Brexit: the constitutional implications for Scotland
Douglas Alexander spoke last night at the European Studies Centre at Oxford University on a way forward for Scotland that lets us recognise new circumstances without denying the enduring interdependence of the UK.
Thank you for the invitation to be here tonight in Oxford. It is a great pleasure and a privilege to take part in, for what is, I believe, both a timely and important discussion about Scotland, Brexit and the constitutional implications for our United Kingdom.
Let me begin my remarks by offering a context for what follows. Ever since the then Prime Minister David Cameron made his speech back in January 2013, announcing the timetable for an in/out referendum, I have believed that the origins of his fateful and ultimately fatal decision owed more to domestic politics than to foreign policy.
So in my remarks I will purposely range across both politics and policy. I will first endeavour to locate the decision taken in the wider context of Scottish constitutional politics before reflecting on how the character of contemporary politics more broadly is affecting and shaping the reactions and responses to the UK’s decision to vote for Brexit.
Next, I will offer an alternative lens through which to assess the impact and implications of the Brexit vote in Scotland, acknowledging both the economic and emotional consequences of this decision.
And finally I will recommend a way forward: A new settlement between Scotland, the UK and the EU, including new powers for the Scottish Parliament, new international engagement for the Scottish Government across key areas, and an immediate agenda for a Constitutional Convention of the nations and regions of the whole of the UK.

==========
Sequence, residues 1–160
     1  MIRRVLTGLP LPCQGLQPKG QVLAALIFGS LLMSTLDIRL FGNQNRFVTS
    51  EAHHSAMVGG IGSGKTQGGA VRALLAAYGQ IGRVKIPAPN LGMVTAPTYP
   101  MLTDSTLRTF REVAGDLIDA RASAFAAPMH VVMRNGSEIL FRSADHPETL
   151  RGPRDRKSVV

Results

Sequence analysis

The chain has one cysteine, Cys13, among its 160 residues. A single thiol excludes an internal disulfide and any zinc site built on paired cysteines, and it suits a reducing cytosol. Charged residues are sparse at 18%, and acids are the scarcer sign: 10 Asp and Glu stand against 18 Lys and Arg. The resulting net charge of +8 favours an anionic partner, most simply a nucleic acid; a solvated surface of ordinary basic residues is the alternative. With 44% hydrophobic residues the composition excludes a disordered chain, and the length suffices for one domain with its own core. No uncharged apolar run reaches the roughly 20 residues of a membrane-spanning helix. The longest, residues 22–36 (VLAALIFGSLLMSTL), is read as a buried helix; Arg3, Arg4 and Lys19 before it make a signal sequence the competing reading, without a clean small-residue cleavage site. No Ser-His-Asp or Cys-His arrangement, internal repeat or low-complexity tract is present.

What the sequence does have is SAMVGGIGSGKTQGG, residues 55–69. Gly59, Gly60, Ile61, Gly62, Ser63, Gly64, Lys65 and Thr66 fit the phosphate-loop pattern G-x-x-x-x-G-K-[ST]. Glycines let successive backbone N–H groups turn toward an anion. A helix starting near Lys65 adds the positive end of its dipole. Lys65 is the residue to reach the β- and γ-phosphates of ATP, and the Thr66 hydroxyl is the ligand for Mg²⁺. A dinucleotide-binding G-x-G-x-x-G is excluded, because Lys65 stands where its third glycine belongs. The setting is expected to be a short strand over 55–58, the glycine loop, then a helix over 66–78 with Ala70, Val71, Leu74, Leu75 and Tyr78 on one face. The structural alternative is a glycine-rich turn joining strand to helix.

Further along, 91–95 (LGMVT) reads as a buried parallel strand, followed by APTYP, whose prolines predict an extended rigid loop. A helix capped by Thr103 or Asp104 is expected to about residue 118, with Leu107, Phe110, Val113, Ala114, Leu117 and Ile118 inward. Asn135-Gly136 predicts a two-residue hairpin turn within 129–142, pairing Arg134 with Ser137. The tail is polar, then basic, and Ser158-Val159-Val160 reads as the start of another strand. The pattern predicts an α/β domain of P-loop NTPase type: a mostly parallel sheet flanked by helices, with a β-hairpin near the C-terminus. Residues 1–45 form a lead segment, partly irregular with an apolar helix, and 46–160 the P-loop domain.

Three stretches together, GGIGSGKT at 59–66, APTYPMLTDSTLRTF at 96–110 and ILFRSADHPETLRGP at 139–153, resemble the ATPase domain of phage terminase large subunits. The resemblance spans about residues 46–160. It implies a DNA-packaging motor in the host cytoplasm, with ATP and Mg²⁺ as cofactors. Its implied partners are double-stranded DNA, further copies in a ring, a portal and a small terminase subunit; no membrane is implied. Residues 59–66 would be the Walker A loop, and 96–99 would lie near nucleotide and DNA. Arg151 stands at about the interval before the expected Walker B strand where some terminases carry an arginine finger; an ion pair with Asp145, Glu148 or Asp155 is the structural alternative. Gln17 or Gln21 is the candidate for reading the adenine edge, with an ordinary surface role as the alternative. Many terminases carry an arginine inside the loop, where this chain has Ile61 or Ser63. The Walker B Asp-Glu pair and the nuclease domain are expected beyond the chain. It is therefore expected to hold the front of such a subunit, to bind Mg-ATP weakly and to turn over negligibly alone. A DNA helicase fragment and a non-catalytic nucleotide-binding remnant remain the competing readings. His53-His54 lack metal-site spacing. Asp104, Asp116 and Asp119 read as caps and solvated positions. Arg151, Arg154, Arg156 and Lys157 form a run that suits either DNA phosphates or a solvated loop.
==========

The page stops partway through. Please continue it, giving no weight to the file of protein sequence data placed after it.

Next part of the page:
Let me start with both an admission and a declaration of interest. For me, the issues we are discussing today are not merely dry constitutional arrangements or interesting theoretical political constructs.
Even after much thought, and mindful of this august, scholastic setting, I do not claim academic detachment from the subject matter. On the contrary, these issues, for me, run deep and indeed touch on deep senses of affinity and belonging.
Why? It is not simply that these remarks are offered from a Scottish perspective. Scotland is indeed where I was born, and where, one day, I expect to die. It has shaped who I am and crafted the lens through which I see the world. For all our present divisions and challenges, I love Scotland. It’s as simple as that.
But, these remarks also come from my belief that constitutional politics, like politics in general, needs to be understood and addressed in terms of feelings as well as facts. And that is as it should be for that is the essence of the human condition. As the great Scottish enlightenment thinker David Hume put it; reason is and ought only to be a slave to the passions. It is in making sense of how we feel about our experience of the world that we begin to make our choices about what we will do in it.
All of politics begins and ends with relationships; with our neighbour, with our family, with our community, with those who lead us and make decisions for us. It is shaped by our story, our history, our aspirations. So it is an endeavour that demands the weighing of pride and dignity, of values and identity, as well as costs and benefits. Constitutional politics involves much more than a ledger of accounts: It speaks to who we are, how we see ourselves, and how we relate to others. It is about a common journey, a shared story.